14 Circulation and Gas Exchange-Blue

14 Circulation and Gas Exchange-Blue - Circulation and Gas...

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Unformatted text preview: Circulation and Gas Exchange 1. Circulatory Systems: General Features 2. Vertebrate Circulatory Systems Overview: Structure of the Heart and Circulatory Pathway Cardiac Cycle: Systole and Diastole Control of Heart Beat Blood Vessels Blood Pressure Lymphatic System 3. Composition of Blood 4. Respiratory Pigments 5. Platelets Blood Clotting 6. Gas Exchange (Gills, Trachea, Lungs) Common Elements of Animal Circulatory Systems • Circulatory Fluid: Blood or Hemolymph • Tubing: Vessels • Pump: Heart There are Two Types of Circulatory Systems • Open: – He m o ly m p h d ire c tly b a th s o rg a ns a nd th e re is no d is tinc tio n b e twe e n th e “blood” a nd th e fluid th a t s urro und s th e c e lls ­ “lymph”. – Fo und in invertebrates – especially insects and mollusks. • Closed: – Blo o d is c o nfine d to ve s s e ls a nd is ke p t s e p a ra te fro m th e inte rs titia l lym p h . – Fo und in a ll ve rte b ra te s a nd a fe w inve rte b ra te s like th e e a rth wo rm . O p e n a nd C lo s e d Fig. 42.3 Campbell Vertebrate Closed Circulatory Systems Gas exchange with the environment: blood picks up O2 Gas exchange with tissues of the body: blood releases O2 Fig. 42.4 Campbell Circulatory Pathway: Overview See page 903 in text Fig. 42.6 & 42.7 Campbell Pacemaker for the Vertebrate Heart Fig. 42.9 Campbell and Reece • The vertebrate heart is “myogenic”. The “pacemaker” is made of specialized muscle tissue, the sinoatrial node (SA) located in the wall of the right atrium An action potential is spontaneously initiated in the SA Cardiac muscle cells are electrically coupled so the impulses spread rapidly in the atria After a delay of ~0.1 sec, impulses are relayed to the ventricles by another region of specialized muscle tissue, the atrioventricular node (AV) which is located in the wall between the right atrium and the right ventricle. • • • C a rd ia c C y c le : Ma m m a ls 1. Mus c le re la xe d (d ia s to le ) : b lo o d flo ws into a tria a nd ve ntric le s 2 . S ino a tria l no d e initia te s a c tio n p o te ntia l in a tria l m us c le 3 . Atria c o ntra c t (s ys to le ) : fo rc e s b lo o d fro m a tria into ve ntric le s 4 . Ac tio n p o te ntia l is d e la ye d in th e a trio ve ntric ula r no d e , th e n re la y e d to th e ve ntric le s 5 . Ve ntric le s c o ntra c t (s ys to le ) : b lo o d p um p e d into a rte rie s Fig. 42.7 Campbell A Beating Human Heart and Its Valves Blood Vessels Blood pressure is high in the arteries but low in the veins. Thus the veins can have thinner walls, but need valves to prevent the back­flow of blood. The flow of blood can be regulated by signals from the endocrine or nervous systems that cause contraction of the smooth muscle surrounding the vessels constricting the flow. Fig. 42.9 Campbell Regulation of Blood Flow Through Vessels An Unconventional Signal Molecule Arginine + O2 NOS • NOS = nitric oxide synthetase (regulated by Ca ions) • Not released by exocytosis (diffuses freely across cell membranes) • Does not interact with conventional “receptors” of target cells • Its major mechanism of action is the direct stimulation of guanylate cyclase in target cells for the production of cGMP. Nitric Oxide: NO + citrulline Vasodilation & Viagra Endothelial cells contain a Ca++ regulated enzyme – Nitric Oxide Synthase. NO activates guanylate cyclase in the smooth muscle of the blood vessels. cGMP activates a kinase that, in turn, triggers increased Ca++ uptake into the endoplasmic reticulum. As Ca++ level fall, the muscle relaxes, the vessel dilates, and blood flows Viagra (initially developed for use on hypertension) is an inhibitor of cGMP phosphodiesterase Blood Pressure Fig. 42.11 Campbell A giraffe has to pump blood 2.5 meters above heart. This requires a systolic pressure of 250 mm Hg. In humans, blood pressure this high (hypertension) would damage vessels. Pressure and Fluid Exchange Fluid and proteins that do not re­enter the capillary system (about Fig. 42.14 Campbell 15%) are recovered by the lymphatic system. This is a separate system of vessels that collects and returns to fluid to the circulatory system at a junction near the heart. Composition of Blood Fig. 42.15 Campbell Platelets: Blood Clotting Platelets stick to collagen fibers and form a plug, then release clotting factors. Hemophilia is a common hereditary disease in which one of the clotting factors is missing or defective Prothrombin is a plasma protein Thrombin is an enzyme Fibrin threads weave into a patch that stabilizes the plug. Fig. 49.16 Purves Gas Exchange: CO2 O2 Trachea, Gills, Lungs Maximize Surface Area for gas exchange Insect Trachea Lungs Salmon Gill • Hemocyanin – Copper + protein (Crustacea, Mollusks O2 transport) • Hemoglobin – Iron­heme + protein (Red Blood Cells, O2 transport) • Myoglobin – Iron­heme + protein (muscle, O2 “Storage”) O2 Transport: Examples of Respiratory Pigments Each red blood cell contain about 250 million molecules of hemoglobin There are about 25 trillion red blood cells in the blood Carbon Dioxide Transport Catalyzed by Carbonic Anhydrase A small amount of CO2 is transported in solution in blood plasma (7%). About a quarter of it is bound to hemoglobin, and the rest is in the form of bicarbonate ions (H CO3­ ). ...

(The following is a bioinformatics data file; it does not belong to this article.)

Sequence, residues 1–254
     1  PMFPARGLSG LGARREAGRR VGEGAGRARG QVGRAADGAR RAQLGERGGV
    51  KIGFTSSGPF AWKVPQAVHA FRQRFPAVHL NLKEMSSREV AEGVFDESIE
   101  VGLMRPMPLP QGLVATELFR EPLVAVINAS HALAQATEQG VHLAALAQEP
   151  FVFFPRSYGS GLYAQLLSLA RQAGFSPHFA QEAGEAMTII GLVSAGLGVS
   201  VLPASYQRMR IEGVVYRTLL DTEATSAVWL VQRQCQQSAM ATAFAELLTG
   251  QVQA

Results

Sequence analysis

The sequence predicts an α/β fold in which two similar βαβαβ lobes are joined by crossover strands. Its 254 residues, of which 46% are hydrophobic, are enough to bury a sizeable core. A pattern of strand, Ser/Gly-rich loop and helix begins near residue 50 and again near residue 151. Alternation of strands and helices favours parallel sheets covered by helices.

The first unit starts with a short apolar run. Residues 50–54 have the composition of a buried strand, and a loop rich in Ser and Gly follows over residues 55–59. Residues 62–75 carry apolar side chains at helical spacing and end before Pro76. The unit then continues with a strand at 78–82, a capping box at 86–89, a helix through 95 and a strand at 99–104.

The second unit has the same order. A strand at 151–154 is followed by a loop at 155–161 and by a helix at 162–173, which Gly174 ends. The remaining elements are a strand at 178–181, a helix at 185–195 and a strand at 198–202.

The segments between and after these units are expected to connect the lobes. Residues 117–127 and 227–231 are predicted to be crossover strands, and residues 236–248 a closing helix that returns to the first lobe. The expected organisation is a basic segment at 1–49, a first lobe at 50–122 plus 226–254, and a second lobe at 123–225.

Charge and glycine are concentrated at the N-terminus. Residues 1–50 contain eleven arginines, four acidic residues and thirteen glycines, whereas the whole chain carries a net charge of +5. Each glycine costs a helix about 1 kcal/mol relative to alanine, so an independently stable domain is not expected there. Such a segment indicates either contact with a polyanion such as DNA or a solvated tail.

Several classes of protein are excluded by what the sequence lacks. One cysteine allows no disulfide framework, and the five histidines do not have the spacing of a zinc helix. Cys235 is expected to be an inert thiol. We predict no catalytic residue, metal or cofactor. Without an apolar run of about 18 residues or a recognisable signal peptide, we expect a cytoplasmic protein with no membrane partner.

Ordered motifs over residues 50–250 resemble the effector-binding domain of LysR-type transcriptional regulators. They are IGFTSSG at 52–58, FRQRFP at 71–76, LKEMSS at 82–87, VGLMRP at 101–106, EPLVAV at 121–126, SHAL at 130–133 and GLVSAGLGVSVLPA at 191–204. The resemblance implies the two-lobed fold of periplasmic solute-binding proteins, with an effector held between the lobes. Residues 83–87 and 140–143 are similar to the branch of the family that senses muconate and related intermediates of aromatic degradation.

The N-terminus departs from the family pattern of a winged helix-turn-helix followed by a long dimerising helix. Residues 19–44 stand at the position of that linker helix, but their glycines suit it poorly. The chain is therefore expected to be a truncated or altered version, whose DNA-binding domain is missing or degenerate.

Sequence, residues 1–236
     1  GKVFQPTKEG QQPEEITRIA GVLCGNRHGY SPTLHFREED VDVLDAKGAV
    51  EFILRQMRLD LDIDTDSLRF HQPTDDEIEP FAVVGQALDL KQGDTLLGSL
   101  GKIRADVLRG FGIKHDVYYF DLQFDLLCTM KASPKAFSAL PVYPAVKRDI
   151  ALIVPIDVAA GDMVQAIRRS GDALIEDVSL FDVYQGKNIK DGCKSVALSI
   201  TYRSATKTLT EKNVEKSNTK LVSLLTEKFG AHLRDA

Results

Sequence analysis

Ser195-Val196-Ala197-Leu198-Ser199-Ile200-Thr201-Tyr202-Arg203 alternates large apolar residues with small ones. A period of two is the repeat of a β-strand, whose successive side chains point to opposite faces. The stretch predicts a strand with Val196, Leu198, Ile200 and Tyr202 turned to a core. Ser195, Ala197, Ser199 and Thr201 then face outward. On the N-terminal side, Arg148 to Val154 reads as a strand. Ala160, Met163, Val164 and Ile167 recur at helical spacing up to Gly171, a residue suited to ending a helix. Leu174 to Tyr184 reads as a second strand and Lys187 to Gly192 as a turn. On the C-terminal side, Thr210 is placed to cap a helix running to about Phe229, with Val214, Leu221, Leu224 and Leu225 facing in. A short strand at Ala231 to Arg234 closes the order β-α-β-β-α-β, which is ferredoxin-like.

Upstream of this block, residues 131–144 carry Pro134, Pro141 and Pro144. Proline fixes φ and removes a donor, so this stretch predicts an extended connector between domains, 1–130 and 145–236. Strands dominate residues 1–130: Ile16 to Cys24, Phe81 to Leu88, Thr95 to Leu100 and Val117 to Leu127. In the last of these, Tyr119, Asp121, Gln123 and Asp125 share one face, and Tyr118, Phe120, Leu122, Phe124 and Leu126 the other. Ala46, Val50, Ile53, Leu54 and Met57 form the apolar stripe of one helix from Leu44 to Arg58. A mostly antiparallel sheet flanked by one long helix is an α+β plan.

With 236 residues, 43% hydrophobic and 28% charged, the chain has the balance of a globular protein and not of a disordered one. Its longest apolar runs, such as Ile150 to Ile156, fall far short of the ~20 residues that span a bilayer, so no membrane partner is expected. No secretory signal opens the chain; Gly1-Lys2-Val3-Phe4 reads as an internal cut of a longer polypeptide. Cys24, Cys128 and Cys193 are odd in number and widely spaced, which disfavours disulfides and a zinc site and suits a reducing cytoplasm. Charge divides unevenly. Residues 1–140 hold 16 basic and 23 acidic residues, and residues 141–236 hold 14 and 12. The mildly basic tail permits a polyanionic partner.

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This note was uploaded on 11/12/2010 for the course BSCI BSCI 110B taught by Professor Johnson during the Spring '09 term at Vanderbilt.

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